Egypt prosecution detains four linked to Regeni case
Egyptian prosecutors ordered on Saturday the detention of four people in relation to the murder of Italian student Giulio Regeni, a prosecution official said.
Two of them are the wife and a sister of a gang leader whom police have linked to the brutal murder of Regeni, whose mutilated body was found more than a week after his disappearance in Cairo on January 25.
They had been arrested in the sister’s apartment, where police discovered a bag with Regeni’s passport and wallet.
The other two are the brother-in-law and brother of the alleged gang leader, who was killed in a shoot out with police along with three other alleged criminals.
The four suspects are accused of concealing a crime and being in the possession of stolen material, the official said, adding they were taken into custody for four days.
Egyptian police announced on Thursday that they discovered Regeni’s passport and wallet in the home of the leader’s sister, hours after the shoot out.
Italy has cast doubt on the suggestion that the gang members — who allegedly posed as police to extort foreigners and Egyptians — were behind Regeni’s murder.
“Italy insists: we want the truth,” wrote Italian Foreign Minister Paolo Gentiloni on his Twitter account, while prosecutors in Rome rejected the latest conclusions of the Egyptian probe.
Italian media and western diplomatic sources in Cairo have voiced suspicions that Egyptian security services kidnapped and tortured to death the 28-year-old Cambridge University graduate student.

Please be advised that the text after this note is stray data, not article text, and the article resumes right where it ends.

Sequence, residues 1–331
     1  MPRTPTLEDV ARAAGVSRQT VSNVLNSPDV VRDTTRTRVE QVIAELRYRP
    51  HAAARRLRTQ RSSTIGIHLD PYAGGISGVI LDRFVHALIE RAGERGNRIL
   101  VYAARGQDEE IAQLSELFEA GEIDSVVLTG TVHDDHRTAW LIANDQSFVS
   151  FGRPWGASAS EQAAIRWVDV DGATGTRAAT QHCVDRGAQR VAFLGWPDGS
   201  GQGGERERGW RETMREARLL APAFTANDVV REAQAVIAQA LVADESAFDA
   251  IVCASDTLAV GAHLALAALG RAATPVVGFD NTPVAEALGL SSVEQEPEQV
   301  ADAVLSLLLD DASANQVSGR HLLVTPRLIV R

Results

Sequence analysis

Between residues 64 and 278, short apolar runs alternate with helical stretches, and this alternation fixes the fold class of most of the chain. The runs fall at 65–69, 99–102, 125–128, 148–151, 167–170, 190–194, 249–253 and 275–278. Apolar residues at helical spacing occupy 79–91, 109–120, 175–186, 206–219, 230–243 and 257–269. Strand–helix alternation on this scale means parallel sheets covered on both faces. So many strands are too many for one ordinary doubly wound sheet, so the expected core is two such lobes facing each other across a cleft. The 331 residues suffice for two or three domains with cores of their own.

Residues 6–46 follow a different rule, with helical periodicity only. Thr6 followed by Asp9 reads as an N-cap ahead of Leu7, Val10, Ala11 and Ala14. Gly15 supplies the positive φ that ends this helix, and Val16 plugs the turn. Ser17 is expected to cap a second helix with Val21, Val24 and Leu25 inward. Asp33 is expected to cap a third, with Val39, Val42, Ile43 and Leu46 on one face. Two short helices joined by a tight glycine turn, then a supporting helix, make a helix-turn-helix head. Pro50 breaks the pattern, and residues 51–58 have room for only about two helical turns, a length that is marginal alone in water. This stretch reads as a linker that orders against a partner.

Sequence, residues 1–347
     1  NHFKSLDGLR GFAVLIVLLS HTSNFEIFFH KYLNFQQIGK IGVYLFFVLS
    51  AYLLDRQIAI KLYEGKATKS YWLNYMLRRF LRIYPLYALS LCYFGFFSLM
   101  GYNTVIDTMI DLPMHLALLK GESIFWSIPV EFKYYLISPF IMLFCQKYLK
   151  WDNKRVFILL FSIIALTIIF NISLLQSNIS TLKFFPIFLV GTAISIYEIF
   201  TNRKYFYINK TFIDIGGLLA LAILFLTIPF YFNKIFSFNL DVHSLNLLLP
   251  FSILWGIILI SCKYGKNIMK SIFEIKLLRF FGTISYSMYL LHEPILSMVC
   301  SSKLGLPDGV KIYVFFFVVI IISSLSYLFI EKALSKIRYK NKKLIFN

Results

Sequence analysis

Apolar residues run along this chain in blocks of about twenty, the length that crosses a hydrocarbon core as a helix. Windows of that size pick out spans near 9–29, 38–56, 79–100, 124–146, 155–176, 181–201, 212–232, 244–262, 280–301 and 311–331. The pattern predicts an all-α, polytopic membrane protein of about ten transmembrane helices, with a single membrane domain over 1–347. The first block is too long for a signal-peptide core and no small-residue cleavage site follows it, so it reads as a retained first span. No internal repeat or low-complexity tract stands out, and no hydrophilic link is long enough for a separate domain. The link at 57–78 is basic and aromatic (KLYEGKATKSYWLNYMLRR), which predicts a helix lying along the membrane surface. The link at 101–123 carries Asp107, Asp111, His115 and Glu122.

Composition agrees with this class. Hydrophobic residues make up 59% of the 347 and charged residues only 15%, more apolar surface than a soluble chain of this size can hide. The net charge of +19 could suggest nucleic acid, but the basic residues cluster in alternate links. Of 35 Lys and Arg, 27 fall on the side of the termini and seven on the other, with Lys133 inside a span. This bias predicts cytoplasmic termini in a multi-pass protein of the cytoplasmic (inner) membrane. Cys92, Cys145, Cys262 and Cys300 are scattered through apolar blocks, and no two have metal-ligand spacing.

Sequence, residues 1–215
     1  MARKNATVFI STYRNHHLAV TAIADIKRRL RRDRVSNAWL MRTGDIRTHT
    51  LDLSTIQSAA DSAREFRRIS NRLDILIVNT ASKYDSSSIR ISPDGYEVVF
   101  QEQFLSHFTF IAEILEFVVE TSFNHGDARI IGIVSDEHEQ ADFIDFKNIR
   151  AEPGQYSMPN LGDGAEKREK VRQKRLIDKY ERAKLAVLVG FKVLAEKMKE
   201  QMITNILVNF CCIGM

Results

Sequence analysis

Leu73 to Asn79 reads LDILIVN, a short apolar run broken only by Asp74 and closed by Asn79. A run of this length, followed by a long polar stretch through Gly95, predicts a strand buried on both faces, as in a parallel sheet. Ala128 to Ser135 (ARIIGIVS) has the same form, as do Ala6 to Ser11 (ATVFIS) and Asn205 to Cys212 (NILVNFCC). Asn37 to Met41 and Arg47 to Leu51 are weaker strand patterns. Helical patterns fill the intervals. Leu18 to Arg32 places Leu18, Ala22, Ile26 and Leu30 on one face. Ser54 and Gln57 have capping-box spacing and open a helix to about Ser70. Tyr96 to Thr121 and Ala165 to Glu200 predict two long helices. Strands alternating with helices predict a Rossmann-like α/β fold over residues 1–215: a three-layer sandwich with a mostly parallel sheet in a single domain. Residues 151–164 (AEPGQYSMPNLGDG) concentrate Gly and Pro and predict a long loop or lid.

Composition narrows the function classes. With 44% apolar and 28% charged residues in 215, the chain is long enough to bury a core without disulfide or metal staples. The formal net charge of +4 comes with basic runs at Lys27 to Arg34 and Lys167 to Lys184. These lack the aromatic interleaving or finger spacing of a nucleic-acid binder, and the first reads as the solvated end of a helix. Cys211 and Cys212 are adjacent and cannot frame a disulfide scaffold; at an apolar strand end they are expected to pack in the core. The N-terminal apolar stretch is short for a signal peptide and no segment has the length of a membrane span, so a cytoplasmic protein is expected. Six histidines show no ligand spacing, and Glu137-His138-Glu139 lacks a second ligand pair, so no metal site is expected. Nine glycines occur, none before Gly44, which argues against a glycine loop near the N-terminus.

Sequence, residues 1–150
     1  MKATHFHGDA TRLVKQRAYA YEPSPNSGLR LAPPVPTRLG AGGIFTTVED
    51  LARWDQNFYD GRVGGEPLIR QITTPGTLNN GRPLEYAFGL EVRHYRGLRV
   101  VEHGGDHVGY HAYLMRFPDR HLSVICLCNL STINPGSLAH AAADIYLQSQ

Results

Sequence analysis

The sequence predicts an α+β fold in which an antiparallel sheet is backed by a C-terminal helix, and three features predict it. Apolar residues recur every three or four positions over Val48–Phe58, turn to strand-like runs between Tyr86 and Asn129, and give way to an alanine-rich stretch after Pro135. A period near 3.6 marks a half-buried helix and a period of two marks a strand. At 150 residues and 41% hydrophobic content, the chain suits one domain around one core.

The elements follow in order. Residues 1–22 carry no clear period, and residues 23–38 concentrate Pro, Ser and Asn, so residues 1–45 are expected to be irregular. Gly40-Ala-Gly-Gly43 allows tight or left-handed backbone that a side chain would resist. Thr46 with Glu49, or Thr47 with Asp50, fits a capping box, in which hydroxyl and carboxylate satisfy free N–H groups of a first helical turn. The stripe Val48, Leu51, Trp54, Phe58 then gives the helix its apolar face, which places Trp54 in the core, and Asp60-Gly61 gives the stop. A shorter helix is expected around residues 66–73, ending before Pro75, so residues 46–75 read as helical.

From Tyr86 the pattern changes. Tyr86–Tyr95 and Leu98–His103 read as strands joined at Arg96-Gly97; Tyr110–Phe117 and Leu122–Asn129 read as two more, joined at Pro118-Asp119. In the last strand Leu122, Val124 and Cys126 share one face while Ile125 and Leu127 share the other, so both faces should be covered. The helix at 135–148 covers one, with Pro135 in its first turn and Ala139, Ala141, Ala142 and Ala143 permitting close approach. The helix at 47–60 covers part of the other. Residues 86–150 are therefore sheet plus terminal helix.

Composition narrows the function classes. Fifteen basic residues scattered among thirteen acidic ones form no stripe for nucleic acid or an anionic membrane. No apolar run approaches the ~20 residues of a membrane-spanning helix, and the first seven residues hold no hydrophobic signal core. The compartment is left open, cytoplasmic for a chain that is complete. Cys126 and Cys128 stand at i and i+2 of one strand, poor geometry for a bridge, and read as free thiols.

Rome prosecutor Giuseppe Pignatone said in a statement that “details communicated so far are not satisfactory to shed light on the death of Giulio Regeni. Investigations must therefore continue.”
According to Italian government sources, Prime Minister Matteo Renzi has promised Regeni’s parents that Rome will continue to put pressure on Egypt to establish the full truth behind his death.
Quoted by Italian press, the parents have said they were “injured and bitter” at Egyptian authorities’ latest attempt to explain their son’s death.
Regeni had been researching labour movements in Egypt, a sensitive topic, and had written articles critical of the government under a pen name.
In a statement late Friday, the Egyptian interior ministry said it was investigating the gang’s links to Regeni’s murder.
“The investigation apparatus is continuing, in coordination with the Italian security team, in its efforts to examine the gang’s links, and the circumstances of the crimes and the areas in which they occurred,” the ministry said.
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